Conn’s Inc, has settled with the SEC and its former COO, Michael Poppe, that it deliberately understated the company’s allowance for bad debts and overstated income in its financial statements.
The company has its head office in The Woodlands and has a market cap of $584 million. It is a retailer of furniture and electronics and many of its customers are sub-prime borrowers.
Conn’s has agreed to pay a $1.1 million civil penalty. Mr Poppe will pay a $50,000 fine.
Mr Poppe joined the company in 2004 as its Controller. He was the CFO from February 2008 through April 2012 and its COO from April 2012 through May 2017.
The charges relate to the period from the quarter ending July 2012 to the quarter ending July 2014. The company made a fateful decision in 2012 to take more of the credit risk in-house.
Last month I wrote about some of the issues the company was facing when current CFO, Lee Wright, was promoted to COO.
The SEC states that Conn’s was using a ‘roll-rate’ model to measure potential credit portfolio losses by segmenting the portfolio into delinquency buckets and applying a roll-rate to each segments. A roll-rate is a measure of the percentage of receivables that will migrate into the next delinquency bucket the following month.
Historically, Conn’s used a roll rate that was based on the previous time period (month, quarter etc) or an average of several recent time periods. From July 2012, the roll rates used in the model were hard-coded plugs that reflected management’s unduly optimistic future expectations.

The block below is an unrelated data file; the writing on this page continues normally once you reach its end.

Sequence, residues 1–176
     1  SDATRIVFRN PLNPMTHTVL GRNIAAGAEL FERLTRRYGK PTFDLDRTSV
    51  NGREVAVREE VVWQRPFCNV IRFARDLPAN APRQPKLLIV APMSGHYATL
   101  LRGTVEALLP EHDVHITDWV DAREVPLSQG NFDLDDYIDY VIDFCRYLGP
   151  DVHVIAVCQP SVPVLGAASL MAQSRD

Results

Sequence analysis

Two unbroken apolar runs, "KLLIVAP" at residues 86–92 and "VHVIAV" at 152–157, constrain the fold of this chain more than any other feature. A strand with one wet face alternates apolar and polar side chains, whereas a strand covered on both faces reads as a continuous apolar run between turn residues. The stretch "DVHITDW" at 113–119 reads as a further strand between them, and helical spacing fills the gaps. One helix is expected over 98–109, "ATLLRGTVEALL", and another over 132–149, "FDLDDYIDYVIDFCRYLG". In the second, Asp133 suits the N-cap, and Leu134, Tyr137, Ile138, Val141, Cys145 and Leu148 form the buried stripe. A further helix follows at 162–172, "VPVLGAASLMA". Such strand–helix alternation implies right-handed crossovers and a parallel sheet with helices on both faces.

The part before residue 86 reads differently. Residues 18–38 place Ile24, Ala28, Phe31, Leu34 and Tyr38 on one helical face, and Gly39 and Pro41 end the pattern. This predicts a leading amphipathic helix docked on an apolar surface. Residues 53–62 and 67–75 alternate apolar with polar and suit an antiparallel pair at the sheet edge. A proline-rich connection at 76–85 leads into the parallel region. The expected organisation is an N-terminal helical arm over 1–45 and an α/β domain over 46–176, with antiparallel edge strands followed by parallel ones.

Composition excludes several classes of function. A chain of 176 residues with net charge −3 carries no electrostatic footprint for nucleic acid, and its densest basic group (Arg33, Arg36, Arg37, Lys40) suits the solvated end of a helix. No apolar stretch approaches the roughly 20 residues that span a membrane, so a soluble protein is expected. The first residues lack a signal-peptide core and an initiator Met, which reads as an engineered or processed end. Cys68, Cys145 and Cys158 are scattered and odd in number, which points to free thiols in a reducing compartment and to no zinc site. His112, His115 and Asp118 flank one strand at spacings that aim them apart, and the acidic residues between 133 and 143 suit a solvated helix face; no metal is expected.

As a result, the bad debt expense was higher than projected/reserved charge-offs for 14 consecutive quarters. In the quarter ended July 2014, Conn’s finally began to build up its doubtful debt reserve. In the following quarter it removed the management plugs entirely. This caused a $20 million increase to the doubtful debt reserve. Conn’s share price dropped 30% on the day of the Q2 announcement and 41% on the day of the Q3 announcement.
Since October 2014, Conn’s has replaced all of its senior management team. Also, it no longer utilizes a roll rate model to calculate its allowance for doubtful accounts.
Poppe received restricted stock awards
It’s not clear whether Mr Poppe received a severance payment when he left. He had a base salary of $460,000. At the time the SEC filing announcing his departure did not refer to any severance payment. In addition, the annual proxy filed the following year did not list him as one of the top 5 officers.
Mr Poppe only received a cash bonus of $50,000 for the year ended 30 January 2017 and none the previous two years. For those three years, he did receive restricted stock units that were cumulatively valued at almost $3 million in the annual proxy filed for the year ended 31 January 2017. It’s not clear how many were forfeited on Mr Poppe’s departure.